steve on Sun, 14 May 2000 07:50:26 +0200 (CEST)

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<nettime> 13 Things to Know About Broadband

[Taken from:  N O W  E U R O P E  D I G E S T]

// -- FOREWORD -- //

Wireless is a hot topic in Europe, and that's been reflected in
our recent discussions at nowEurope. But surely there are other
things happening, too.

For example, here in Budapest, a cable company called UPC is busy
tearing up the streets all over town, installing cables that
promise to deliver us Internet access at speeds of up to 2Mbs.

UPC and its competitors are doing this all over Europe.

The arrival of affordable broadband Internet access is expected
to broaden the user base in countries like Hungary, and make
possible many new kinds of interactive, graphical services. Some
say this will complete change the economics of the Internet

Like 'wireless' and 'e-commerce', 'broadband' is one of those
magic words that is supposed to make investors open up their

Earlier this week, Gerry McGovern offered this critical look at
broadband in his 'New Thinking' email newsletter. I liked it so
much I decided to present it to nowEurope as fodder for

Are any of you making bets in broadband?

Steven Carlson
nowEurope moderator

*** 13 Things to Know About Broadband
*** by Gerry McGovern

1. While fibre optic cable is being rolled out at a frantic pace
it is barely keeping up with overall bandwidth demand. "In the
next five years we don't see any ability of service providers in
the U.S. to keep up with the demand," Mouli Ramani, director of
strategic marketing for the optical Internet at Nortel Networks
told Inter@ctive Week in February 2000. "I don't see any chance
of getting into a glut anywhere in the network over the next five

2. The backbone of the Internet hasn't been designed to deal with
millions of people having broadband access

3. The flat-fee 'use as much bandwidth as you like' Internet
pricing model is unworkable in a broadband environment where one
user might want to use hundreds or thousands time more bandwidth
than their neighbour

4. The Internet works from a weakest link in the chain point of
view, so just because you have broadband access doesn't mean that
a particular website will download any faster

5. Because of Internet limitations, broadband suppliers are
increasingly choosing private high-capacity networks to deliver
their services to subscriber-based audiences

6. As yet, no broadband online entertainment companies have gone
public and many, such as Digital Entertainment Network, have shed
staff and re-focused their business models away from creating
original broadband content

7. Yahoo and Lycos have scaled back content and service plans for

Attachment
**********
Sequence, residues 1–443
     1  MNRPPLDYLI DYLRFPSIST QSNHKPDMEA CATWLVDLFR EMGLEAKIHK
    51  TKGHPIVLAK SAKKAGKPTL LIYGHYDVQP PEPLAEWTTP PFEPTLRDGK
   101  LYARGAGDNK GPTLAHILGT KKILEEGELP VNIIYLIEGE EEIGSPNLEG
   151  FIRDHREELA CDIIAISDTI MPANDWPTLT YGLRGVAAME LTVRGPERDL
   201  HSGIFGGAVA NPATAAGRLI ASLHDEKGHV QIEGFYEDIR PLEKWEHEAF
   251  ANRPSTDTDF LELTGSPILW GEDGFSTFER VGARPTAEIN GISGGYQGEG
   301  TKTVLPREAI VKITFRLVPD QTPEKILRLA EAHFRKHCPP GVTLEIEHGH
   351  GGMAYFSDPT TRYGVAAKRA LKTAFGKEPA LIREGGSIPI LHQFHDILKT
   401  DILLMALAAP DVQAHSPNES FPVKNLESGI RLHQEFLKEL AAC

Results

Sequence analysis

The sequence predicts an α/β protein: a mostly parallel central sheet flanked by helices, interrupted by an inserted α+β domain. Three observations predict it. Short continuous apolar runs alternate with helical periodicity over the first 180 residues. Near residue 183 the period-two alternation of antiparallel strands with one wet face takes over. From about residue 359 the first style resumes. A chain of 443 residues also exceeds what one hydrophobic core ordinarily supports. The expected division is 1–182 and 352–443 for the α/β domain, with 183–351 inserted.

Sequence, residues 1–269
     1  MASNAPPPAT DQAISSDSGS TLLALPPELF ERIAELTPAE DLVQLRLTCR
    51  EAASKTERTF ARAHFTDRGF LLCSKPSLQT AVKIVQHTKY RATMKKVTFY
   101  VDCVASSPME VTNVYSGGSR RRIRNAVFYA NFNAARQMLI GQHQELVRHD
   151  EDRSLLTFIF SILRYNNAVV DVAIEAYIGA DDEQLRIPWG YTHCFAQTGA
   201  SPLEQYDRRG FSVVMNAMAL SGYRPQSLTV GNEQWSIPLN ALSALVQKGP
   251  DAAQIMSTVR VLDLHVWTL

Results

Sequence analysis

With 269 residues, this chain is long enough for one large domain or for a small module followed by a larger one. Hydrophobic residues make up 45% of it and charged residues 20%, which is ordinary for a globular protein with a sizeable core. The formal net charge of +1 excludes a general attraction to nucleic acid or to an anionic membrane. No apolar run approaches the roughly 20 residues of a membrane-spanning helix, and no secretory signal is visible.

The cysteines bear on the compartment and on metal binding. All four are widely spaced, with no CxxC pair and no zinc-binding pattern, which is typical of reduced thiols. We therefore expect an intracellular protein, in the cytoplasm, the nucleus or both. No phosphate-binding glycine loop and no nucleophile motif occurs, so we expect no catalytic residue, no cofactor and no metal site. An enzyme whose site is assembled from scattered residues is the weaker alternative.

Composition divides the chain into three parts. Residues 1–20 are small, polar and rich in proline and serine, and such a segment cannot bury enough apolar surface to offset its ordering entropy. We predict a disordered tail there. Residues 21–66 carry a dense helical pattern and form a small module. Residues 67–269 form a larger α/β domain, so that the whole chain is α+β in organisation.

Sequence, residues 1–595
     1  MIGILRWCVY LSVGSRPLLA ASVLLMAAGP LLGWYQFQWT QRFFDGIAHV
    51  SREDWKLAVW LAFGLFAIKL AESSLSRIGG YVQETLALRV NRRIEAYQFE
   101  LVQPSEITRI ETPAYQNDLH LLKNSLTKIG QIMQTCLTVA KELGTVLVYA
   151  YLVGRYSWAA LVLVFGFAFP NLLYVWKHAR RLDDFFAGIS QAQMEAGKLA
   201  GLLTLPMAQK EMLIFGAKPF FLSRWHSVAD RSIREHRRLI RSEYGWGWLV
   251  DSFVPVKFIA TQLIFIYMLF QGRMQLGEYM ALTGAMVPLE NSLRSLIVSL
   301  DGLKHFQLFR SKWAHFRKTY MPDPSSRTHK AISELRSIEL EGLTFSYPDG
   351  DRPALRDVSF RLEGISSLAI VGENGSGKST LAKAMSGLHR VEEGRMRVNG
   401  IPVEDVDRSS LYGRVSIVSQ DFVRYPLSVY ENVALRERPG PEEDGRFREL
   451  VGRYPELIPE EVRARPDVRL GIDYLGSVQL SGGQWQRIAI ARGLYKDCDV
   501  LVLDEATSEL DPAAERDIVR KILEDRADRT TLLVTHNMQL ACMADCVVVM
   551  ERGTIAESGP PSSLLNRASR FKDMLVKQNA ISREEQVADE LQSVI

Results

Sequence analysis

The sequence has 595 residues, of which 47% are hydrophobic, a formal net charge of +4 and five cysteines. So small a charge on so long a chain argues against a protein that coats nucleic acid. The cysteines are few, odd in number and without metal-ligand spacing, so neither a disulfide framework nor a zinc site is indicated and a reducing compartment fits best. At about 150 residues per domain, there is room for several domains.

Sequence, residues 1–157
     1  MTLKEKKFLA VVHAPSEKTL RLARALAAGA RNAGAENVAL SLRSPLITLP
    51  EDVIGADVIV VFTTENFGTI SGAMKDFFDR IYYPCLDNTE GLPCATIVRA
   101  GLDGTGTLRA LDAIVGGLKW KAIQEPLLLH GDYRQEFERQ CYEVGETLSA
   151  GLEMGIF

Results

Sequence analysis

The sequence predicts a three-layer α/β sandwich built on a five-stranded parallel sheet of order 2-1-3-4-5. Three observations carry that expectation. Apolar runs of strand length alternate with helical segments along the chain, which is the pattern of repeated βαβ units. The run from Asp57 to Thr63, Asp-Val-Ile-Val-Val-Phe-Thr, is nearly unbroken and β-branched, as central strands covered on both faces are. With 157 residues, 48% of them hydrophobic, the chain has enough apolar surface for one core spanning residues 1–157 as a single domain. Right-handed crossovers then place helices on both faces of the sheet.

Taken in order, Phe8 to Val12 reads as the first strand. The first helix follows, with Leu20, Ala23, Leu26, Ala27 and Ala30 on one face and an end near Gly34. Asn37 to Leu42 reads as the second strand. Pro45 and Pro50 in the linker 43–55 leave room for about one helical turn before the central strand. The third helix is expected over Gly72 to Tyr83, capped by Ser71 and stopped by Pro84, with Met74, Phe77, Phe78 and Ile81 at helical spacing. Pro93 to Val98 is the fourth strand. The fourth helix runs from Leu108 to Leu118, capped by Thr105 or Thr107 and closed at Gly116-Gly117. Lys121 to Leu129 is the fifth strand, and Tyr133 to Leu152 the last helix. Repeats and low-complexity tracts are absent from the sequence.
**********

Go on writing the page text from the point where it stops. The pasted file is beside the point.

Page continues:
broadband users, citing the basic fact that for every broadband
user there are 50 with basic access

8. Broadband access providers such as Pacific Bell, Midwestern
and @Home have been suffering severe email service slowdowns
recently, as broadband users send huge video and sound files as
email attachments

9. Because broadband generally establishes 24-hour-a-day
connections to the Internet, it creates a serious security
threat. "The home user is more susceptible to someone coming and
stealing the information that is on their computer," David
Remnitz, chief executive of IFsec LLC, a New York network
security firm told Nando Times in February 2000. "They could be
monitoring messages that are sent in or out of that system, which
could be things like bank routing numbers."

10. In March, The Wall Street Journal reported that because
traffic was overwhelming the broadband networks of cable
companies, the numbers of houses served by a single cable 'node'
were being reduced from 10,000, as originally projected, to 500
or fewer. Many cable companies were being forced to monitor
individual usage

11. The popularity of Napster and other such devices, which allow
people to easily swap music files, has slowed many university
campus networks to a crawl. Some universities estimated that
Napster downloads were using more than 50 percent of their
available bandwidth

12. Broadband is often supposed to allow the ugly duckling
Internet to grow up and become the television medium it's always
in its heart wanted to be. However, when @Home first rolled out
its broadband service in California three years ago, it found
that many of its subscribers were not interested in broadband
interactive entertainment, but were rather @Work setting up web
servers on their home computers

13. Broadband is definitely a wave of the future, but it has been
hugely over-hyped and faces significant obstacles before it
becomes a reality for the average user

Gerry McGovern

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